The goal is to get your dog to move away from your feet when you say ‘Off.’ If he doesn’t respond the first time, do it again. Remember to be consistent and use the same voice and hand gesture each time.
Back to one of my standbys! If you’ve read much of our advice about dog training you’ve likely come across positive reinforcement. I love this because it works so well.
When your dog is in a situation that would normally lead him to stand over your feet but doesn’t get that far, give him some positive attention. As soon as he begins to stand over your feet, stop the positive attention.
You want him to associate not standing over your feet with good feelings. Positive reinforcement can take some time, but it is very effective once your dog gets it.
Do Not punishment Your Dog
Punishing your dog will only serve to make the situation worse. Not only will it not fix the problem at hand, but it could also lead to other behavioral problems down the line.
Your dog is not trying to be bad when he stands over your feet, and punishing him will only confuse him and make him think you’re angry at him for something he doesn’t understand.
Summary: Why Do Dogs Stand Over People’s Feet?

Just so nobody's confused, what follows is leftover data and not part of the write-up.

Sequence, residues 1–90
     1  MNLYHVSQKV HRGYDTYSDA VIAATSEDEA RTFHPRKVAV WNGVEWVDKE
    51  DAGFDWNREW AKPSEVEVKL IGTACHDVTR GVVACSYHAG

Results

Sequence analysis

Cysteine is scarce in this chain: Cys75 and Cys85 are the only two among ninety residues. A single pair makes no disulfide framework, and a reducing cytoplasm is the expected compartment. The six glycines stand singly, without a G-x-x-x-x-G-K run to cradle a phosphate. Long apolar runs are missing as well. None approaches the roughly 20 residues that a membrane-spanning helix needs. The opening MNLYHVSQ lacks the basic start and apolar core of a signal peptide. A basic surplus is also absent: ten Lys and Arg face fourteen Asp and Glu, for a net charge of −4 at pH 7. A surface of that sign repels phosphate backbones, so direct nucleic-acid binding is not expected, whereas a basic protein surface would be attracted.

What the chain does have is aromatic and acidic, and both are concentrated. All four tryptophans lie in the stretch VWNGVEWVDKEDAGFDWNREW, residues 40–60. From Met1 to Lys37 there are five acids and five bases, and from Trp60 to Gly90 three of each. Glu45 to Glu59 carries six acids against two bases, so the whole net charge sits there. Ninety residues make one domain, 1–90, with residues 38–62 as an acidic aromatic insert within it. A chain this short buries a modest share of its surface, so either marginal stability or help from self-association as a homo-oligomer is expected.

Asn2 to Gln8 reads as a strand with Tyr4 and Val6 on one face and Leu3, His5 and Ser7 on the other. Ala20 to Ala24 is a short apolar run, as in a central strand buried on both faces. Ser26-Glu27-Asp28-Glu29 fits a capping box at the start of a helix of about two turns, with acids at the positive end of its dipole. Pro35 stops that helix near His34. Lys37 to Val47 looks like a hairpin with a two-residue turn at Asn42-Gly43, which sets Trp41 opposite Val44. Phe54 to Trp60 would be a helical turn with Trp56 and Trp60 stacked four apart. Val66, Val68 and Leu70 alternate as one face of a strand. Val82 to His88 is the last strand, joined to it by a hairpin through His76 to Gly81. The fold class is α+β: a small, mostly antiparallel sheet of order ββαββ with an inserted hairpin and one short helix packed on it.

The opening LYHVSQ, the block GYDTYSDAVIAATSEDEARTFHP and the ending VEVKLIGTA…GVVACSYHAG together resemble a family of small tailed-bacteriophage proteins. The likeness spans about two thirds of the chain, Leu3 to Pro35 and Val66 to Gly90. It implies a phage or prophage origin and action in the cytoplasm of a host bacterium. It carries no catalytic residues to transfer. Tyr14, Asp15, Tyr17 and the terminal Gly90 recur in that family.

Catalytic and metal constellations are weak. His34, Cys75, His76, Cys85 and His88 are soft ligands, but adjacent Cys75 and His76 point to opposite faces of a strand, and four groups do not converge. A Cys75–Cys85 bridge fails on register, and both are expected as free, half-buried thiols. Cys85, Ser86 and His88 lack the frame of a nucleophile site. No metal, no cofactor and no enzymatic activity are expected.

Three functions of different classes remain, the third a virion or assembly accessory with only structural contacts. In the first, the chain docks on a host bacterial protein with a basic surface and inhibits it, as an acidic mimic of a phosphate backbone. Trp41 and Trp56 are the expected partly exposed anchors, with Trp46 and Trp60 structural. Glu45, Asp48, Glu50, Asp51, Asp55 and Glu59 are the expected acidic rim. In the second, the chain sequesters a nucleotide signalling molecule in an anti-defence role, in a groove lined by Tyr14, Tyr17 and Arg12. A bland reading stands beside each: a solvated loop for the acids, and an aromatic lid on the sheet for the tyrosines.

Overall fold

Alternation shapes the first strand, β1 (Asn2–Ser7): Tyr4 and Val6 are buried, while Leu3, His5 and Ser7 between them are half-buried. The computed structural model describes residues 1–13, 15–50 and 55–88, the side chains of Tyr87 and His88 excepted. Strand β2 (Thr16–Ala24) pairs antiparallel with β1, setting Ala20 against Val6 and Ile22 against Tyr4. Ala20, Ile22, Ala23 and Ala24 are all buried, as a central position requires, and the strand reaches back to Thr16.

There are a few reasons dogs might stand over a person’s feet. It could be for attention, dominance, to get close to you, for protection, be an old habit or he’s simply being a silly dog.
If your dog is standing over your feet and you don’t want him to there are a few things you can do. Don’t encourage him to stand on your feet. Try training him with the ‘Off’ command.
It’s important to be assertive with your dog if you don’t want him standing over your feet. Be firm (but not aggressive) with your voice and actions to let him know that this is not something you want him to do. It’s also important to be consistent in your training and never punish your dog for this behavior as it will only serve to confuse him. Positive reinforcement is a great way to train your dog not to stand over your feet.